Finally the homesteader located his land and had a look around.  Was it good loam, heavy clay (very hard to plough), sand (gone with the wind), stony (you’d ache all over from picking rocks every spring), mostly mosquito-infested swamp, wall-to-wall poplar trees, scrub pine, a hill, a valley, an untillable ravine?  If he didn’t like what he saw, he had to pick another spot, then go back to the city and file another claim.

Build a House With Logs and Sods:

Once the quarter was chosen, the work of breaking it and building a house was started.  Many homesteaders set up a tent to get themselves through the first few weeks or months.  For those who got treed land, the axe started swinging immediately.  Every acre had to be cleared before a crop could be planted–but then they had the trees to build & heat their log house.  Scrub brush had to be cleared but gave only a bit of fuel for fires.

Sometime during the summer a prairie homesteader would choose a site for their first real home, marking off a rectangle about 16′ x 20 or 24′.  In Manitoba where the rains were heavy and frequent, homesteaders were advised to build on a little rise because houses needed a dry cellar for winter vegetable storage.  In Saskatchewan or Alberta it was wise to build near a slough, a source of hay for livestock and water for both people and animals.

A farmer then hitched his oxen and plowed furrows, setting the sod aside to use in building the house.  A generous amount of land was ploughed near the site, not only for sods but to act as a fireguard, for prairie fires were a constant menace.  The farmer then headed off to the nearest bush and cut enough trees to make a rough framework for his house.  He’d stick the poles in the ground and use it as a guide, piling the sods against the poles.

Each sod was cut about a foot wide, two feet long, and 2″ to 4″ thick (depending who’s telling the story.)  One old-timer estimated it would take about 4000 sods to build a house 16′ x 24′.  He says when he was twelve, he, his mother and sister had built their soddy while his dad was plowing the land and seeding the crops.

Homesteaders who built log houses stripped the bark off the felled trees and stacked them up, using mud for chinking between the logs.  In both cases space was left for a door, but sometimes these ended up so low that the man of the house had to stoop to enter.  Folks who could afford it bought a pane or two of window glass.  One Alberta homesteader told us he’d built his log cabin for $5: he’d bought one pane of glass and some nails; the rest came out of his bush.  Those who could afford more bought pine boards and hauled them to the site to build their shacks.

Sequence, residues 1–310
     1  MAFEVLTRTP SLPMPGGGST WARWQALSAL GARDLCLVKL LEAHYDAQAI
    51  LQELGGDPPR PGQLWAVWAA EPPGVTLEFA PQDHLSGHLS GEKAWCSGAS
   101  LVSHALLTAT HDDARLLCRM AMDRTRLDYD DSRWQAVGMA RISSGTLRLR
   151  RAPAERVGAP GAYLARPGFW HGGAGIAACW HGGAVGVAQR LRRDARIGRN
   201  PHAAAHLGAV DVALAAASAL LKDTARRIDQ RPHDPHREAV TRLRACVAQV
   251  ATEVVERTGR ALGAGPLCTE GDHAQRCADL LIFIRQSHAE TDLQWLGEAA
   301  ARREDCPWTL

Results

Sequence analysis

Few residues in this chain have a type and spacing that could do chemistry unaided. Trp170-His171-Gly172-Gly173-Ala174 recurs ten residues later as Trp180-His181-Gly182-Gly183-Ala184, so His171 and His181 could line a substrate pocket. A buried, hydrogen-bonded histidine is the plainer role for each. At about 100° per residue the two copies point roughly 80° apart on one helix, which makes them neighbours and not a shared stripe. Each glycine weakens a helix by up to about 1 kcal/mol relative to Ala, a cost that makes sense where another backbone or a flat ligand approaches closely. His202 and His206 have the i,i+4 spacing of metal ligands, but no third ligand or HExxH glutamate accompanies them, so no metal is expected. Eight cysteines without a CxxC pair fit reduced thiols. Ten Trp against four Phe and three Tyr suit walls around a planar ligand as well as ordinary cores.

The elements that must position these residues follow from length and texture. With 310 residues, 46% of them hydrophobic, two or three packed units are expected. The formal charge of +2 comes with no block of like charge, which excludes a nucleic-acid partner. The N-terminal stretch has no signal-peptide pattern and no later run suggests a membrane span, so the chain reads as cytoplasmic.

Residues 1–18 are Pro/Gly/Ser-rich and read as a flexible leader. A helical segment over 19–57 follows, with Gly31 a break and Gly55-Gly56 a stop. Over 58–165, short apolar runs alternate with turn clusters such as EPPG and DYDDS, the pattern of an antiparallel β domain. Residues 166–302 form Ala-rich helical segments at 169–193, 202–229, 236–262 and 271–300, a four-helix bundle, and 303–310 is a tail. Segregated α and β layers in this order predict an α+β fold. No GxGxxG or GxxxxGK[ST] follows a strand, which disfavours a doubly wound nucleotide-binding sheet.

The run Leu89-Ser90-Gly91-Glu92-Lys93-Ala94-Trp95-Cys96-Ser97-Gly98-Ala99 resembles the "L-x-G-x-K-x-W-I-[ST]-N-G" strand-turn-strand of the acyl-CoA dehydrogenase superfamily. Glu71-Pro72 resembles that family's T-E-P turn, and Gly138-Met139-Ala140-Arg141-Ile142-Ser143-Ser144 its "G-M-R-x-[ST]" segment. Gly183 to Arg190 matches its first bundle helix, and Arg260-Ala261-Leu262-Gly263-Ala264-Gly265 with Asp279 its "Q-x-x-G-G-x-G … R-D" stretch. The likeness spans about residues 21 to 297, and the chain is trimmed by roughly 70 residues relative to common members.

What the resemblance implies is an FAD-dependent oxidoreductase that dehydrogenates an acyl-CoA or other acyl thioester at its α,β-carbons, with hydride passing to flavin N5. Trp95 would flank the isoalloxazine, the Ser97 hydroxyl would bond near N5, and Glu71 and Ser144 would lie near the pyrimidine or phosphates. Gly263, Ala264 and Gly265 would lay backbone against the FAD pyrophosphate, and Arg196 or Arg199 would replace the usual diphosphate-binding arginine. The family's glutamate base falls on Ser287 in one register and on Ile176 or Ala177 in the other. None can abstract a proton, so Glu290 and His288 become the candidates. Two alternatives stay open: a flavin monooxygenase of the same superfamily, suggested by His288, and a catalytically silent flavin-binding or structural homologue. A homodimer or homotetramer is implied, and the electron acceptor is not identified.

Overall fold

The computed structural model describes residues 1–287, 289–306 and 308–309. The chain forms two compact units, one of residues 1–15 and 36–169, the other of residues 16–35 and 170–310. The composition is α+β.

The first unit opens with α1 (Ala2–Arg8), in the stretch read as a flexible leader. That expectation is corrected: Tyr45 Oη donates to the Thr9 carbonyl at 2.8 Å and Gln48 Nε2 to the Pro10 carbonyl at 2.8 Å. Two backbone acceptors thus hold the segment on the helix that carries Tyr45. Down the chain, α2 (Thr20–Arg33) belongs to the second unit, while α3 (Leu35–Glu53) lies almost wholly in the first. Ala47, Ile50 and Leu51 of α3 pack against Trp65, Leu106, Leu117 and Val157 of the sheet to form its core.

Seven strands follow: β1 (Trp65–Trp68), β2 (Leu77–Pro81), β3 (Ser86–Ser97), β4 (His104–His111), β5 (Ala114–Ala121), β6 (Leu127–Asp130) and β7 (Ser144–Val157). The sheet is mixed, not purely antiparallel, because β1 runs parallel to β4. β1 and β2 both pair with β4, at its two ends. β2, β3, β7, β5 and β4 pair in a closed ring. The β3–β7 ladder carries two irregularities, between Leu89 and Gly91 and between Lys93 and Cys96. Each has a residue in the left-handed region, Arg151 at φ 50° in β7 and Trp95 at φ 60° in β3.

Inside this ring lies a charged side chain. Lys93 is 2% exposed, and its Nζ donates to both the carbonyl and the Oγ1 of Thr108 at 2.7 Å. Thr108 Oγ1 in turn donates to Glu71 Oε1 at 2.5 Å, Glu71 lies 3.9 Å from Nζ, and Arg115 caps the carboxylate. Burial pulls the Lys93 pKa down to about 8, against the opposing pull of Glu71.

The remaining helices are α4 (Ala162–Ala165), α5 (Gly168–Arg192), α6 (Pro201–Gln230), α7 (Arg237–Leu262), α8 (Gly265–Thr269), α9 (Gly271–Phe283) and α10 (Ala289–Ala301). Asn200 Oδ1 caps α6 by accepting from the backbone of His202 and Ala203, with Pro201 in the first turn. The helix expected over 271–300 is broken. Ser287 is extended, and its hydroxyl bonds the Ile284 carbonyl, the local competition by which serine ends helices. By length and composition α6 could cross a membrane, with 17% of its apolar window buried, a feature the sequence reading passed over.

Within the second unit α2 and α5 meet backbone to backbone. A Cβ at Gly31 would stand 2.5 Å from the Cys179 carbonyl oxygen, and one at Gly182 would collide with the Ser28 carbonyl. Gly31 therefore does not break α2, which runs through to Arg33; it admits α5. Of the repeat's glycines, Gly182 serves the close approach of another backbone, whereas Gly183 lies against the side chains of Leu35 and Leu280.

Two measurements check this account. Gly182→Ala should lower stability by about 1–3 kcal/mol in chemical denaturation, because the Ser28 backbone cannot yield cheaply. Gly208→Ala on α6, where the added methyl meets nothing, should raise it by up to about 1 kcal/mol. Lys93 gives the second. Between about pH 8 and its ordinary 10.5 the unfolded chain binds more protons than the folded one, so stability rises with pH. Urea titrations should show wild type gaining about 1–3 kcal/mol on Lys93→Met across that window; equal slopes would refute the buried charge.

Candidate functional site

A family from England learned the hard way that a door must be hung so it swings inward.  During their first winter in their prairie home a blizzard piled snow against their door until it was almost covered.  It opened only a crack; through this they had to scoop snow by handfuls from inside until they finally got the door open enough that their father could get out to feed their livestock.

Usually the inside walls were covered somehow.  Log house walls were often smoothed with mud, then whitewashed–whitewash (calcimine) being a cheap paint make of slaked lime and chalk.  Some folks hung thick flannel cloths on the inside walls of their soddies; some would have mudded, then tar papered and whitewashed the inside walls to keep the dirt from falling into the house in dry weather.

And to Top It All Off

For both types of house, poles were laid across the top to serve framework for the roofing material, layers of hay, sod, more hay, then dirt and more sod to keep the dirt from blowing away.  A small cellar was dug so the family could store root vegetables where they wouldn’t freeze.

They say sod houses were quite comfortable: warm in winter and cool in summer.  But when it rained, the comfort level dropped severely.  If an area got two or three days of rain, the roofing material absorbed water until the whole works was saturated, then it “rained” in every room of the house.  For day or two after a heavy rain the muddy water dripped down on the occupants and furnishings; the only dry place in the house being under the table.

That was the only “running water” in most pioneer homes.  Plumbing was outdoors year-round: a bucket down the well and a little wooden biffy out back.